If you checked the list of programs running on your computer, for example, using task manager, and identified a program that looks suspicious, you should continue with these steps:
Download a program called Autoruns. This program shows auto-start applications, Registry, and file system locations:
Restart your computer into Safe Mode:
Windows XP and Windows 7 users: Start your computer in Safe Mode. Click Start, click Shut Down, click Restart, click OK. During your computer start process, press the F8 key on your keyboard multiple times until you see the Windows Advanced Option menu, and then select Safe Mode with Networking from the list.
Video showing how to start Windows 7 in "Safe Mode with Networking":
Windows 8 users: Start Windows 8 is Safe Mode with Networking - Go to Windows 8 Start Screen, type Advanced, in the search results select Settings. Click Advanced startup options, in the opened "General PC Settings" window, select Advanced startup. Click the "Restart now" button. Your computer will now restart into the "Advanced Startup options menu". Click the "Troubleshoot" button, and then click the "Advanced options" button. In the advanced option screen, click "Startup settings". Click the "Restart" button. Your PC will restart into the Startup Settings screen. Press F5 to boot in Safe Mode with Networking.
Video showing how to start Windows 8 in "Safe Mode with Networking":
Windows 10 users: Click the Windows logo and select the Power icon. In the opened menu click "Restart" while holding "Shift" button on your keyboard. In the "choose an option" window click on the "Troubleshoot", next select "Advanced options". In the advanced options menu select "Startup Settings" and click on the "Restart" button. In the following window you should click the "F5" button on your keyboard. This will restart your operating system in safe mode with networking.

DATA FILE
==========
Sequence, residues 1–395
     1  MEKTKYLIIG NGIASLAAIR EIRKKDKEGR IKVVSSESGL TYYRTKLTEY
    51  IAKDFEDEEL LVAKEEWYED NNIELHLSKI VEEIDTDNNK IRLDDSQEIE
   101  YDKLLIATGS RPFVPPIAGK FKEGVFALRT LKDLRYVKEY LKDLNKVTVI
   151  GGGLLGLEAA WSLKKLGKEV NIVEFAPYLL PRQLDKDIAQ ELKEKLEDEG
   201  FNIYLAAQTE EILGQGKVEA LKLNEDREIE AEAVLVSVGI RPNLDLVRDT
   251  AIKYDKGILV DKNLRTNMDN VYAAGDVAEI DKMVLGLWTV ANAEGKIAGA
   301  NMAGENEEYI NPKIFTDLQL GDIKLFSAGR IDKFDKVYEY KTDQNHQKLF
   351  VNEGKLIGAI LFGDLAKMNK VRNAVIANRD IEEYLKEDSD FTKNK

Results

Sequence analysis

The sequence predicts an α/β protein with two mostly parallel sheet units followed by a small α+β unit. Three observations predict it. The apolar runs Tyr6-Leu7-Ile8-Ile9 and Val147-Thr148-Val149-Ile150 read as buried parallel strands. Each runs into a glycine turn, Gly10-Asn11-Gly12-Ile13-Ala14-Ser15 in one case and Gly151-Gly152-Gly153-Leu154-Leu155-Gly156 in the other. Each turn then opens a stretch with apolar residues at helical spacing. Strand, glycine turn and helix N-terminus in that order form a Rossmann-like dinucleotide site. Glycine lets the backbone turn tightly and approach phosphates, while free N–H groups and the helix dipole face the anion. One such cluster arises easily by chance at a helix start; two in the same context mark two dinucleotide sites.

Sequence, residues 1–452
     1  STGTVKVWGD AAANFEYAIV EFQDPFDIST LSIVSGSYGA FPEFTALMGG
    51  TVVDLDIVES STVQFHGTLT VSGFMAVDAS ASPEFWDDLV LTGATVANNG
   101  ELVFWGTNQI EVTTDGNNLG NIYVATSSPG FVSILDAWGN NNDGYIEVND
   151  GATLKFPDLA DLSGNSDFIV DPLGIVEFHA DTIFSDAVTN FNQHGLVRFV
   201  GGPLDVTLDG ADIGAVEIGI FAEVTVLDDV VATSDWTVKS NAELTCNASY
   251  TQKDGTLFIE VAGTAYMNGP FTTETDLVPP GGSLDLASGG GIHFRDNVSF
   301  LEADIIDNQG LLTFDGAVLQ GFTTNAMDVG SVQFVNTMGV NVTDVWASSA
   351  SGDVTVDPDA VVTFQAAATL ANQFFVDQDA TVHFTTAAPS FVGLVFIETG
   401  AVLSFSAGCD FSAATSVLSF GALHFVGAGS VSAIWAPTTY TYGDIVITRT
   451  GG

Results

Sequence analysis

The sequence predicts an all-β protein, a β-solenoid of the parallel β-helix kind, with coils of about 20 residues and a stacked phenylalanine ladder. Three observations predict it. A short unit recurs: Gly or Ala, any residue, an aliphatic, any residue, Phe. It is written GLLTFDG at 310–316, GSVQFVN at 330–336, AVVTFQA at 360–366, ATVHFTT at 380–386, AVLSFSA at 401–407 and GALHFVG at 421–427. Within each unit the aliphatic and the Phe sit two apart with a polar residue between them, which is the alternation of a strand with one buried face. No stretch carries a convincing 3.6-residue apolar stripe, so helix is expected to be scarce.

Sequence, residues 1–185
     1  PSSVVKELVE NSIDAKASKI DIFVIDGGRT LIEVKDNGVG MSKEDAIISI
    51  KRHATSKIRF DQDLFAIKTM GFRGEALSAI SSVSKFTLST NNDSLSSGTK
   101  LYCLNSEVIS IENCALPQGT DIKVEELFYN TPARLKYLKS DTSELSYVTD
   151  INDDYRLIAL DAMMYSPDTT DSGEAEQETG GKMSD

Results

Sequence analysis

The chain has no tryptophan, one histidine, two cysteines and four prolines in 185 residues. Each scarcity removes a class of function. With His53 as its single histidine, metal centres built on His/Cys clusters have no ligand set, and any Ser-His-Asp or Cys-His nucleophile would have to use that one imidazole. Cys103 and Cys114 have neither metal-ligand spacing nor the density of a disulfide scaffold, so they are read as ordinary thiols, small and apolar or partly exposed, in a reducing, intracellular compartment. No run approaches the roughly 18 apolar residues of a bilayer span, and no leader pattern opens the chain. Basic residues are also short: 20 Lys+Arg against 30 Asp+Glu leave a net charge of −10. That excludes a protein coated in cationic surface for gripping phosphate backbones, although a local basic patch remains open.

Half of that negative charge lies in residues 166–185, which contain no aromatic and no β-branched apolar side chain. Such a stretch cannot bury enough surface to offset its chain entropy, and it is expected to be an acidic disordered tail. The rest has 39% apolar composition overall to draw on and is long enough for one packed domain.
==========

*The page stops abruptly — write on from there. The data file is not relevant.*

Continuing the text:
Video showing how to start Windows 10 in "Safe Mode with Networking":
Extract the downloaded archive and run the Autoruns.exe file.
In the Autoruns application, click "Options" at the top and uncheck the "Hide Empty Locations" and "Hide Windows Entries" options. After this procedure, click the "Refresh" icon.
Check the list provided by the Autoruns application and locate the malware file that you want to eliminate.
You should write down its full path and name. Note that some malware hides process names under legitimate Windows process names. At this stage, it is very important to avoid removing system files. After you locate the suspicious program you wish to remove, right click your mouse over its name and choose "Delete".
After removing the malware through the Autoruns application (this ensures that the malware will not run automatically on the next system startup), you should search for the malware name on your computer. Be sure to enable hidden files and folders before proceeding. If you find the filename of the malware, be sure to remove it.
Reboot your computer in normal mode. Following these steps should remove any malware from your computer. Note that manual threat removal requires advanced computer skills. If you do not have these skills, leave malware removal to antivirus and anti-malware programs. These steps might not work with advanced malware infections. As always it is best to prevent infection than try to remove malware later. To keep your computer safe, install the latest operating system updates and use antivirus software.
To be sure your computer is free of malware infections, we recommend scanning it with Malwarebytes for Windows.